- If going through an attorney—how do they network your profile with birthmothers?
5. Start Fundraising!
For most adoption processes, families typically will need to have an average of $5k to get the process rolling. Those funds usually go toward agency fees and home study fees (fees and their breakdown vary by service provider).
Now is a good time to create your AdoptTogether profile and continue to update it as you progress through the following steps!
Once you complete your application, typically online, and select your program of choice there will typically be a fee administered at this point.
Upon further review of your application, the agency will let you know which of their programs you are eligible for based on several factors: your age, income, health, family size, etc.
Once you’ve provided any supporting documentation requested such as financial statements and personal references, you should be well on your way to being approved.
7. You’re Approved!
At this point, you will typically be provided with an adoption services contract (the exact process depends on your agency). Be sure to read this contract carefully before signing and ask questions if you’re unsure!
Pay special attention to their fees, agency responsibilities, family responsibilities, refund policy, additional expenses disclosure (if applicable), termination, and complaints & grievances.
Agency fees are normally due upon return of contracts.
8. Get started on Home Study Paperwork
The home study process is one of the major hurtles in the adoption process. Some parents report that it was smooth & easy, others say it was a complete pain in the…you know.
Your adoption professional will walk you through the process which includes:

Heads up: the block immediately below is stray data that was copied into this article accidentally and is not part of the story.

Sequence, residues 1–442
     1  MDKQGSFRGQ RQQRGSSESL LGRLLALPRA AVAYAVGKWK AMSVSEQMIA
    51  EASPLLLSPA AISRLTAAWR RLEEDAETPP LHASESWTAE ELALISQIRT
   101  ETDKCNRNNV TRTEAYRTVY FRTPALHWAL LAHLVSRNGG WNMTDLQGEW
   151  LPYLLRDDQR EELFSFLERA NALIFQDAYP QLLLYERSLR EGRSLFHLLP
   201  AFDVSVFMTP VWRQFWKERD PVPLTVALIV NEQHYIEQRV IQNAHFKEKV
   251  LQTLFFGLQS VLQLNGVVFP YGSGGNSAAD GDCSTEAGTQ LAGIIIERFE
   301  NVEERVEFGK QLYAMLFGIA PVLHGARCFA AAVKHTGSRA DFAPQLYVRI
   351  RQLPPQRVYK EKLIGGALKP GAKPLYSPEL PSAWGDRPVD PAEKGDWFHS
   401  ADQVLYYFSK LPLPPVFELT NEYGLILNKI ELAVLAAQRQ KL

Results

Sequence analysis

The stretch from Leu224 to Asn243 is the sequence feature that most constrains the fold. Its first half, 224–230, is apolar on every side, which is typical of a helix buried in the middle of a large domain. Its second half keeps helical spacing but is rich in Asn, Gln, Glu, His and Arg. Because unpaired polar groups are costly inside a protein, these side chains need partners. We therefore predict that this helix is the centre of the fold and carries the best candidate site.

- A complete background check, getting fingerprinted, a complete historical background summary, a health report or physical from your doctor, a copy of your health insurance benefits/coverage, a complete financial summary including pay stubs, W-2s, previous year’s tax returns, list of any debts, and lastly a compilation of legal documents such as birth certificates, marriage licenses, and passports. (Requirements may vary by each adoption)*
You will also write out brief outline or story of your life that your social worker will use as a guide during your home study interviews.
Next, you will complete training hours as required by your adoption professional. Trainings are offered by your agency or are available online depending on your program and country of choice.
Lastly, make sure your house is up to date on all safety requirements such as smoke detectors, carbon monoxide detectors, and fire extinguishers. It’s important to identify and mitigate any potential hazards such as fire places, stair ways, or pools. Your case worker may even require you to develop an emergency evacuation map of your home.
9. Home Study Interviews & Visitation
After filling out the necessary paperwork, a social worker will visit your home several times for interviews. Many couples fear this portion of the home study as it they perceive the social worker as someone looking to prevent them from adopting by scrutinizing their life with a fine-tooth come.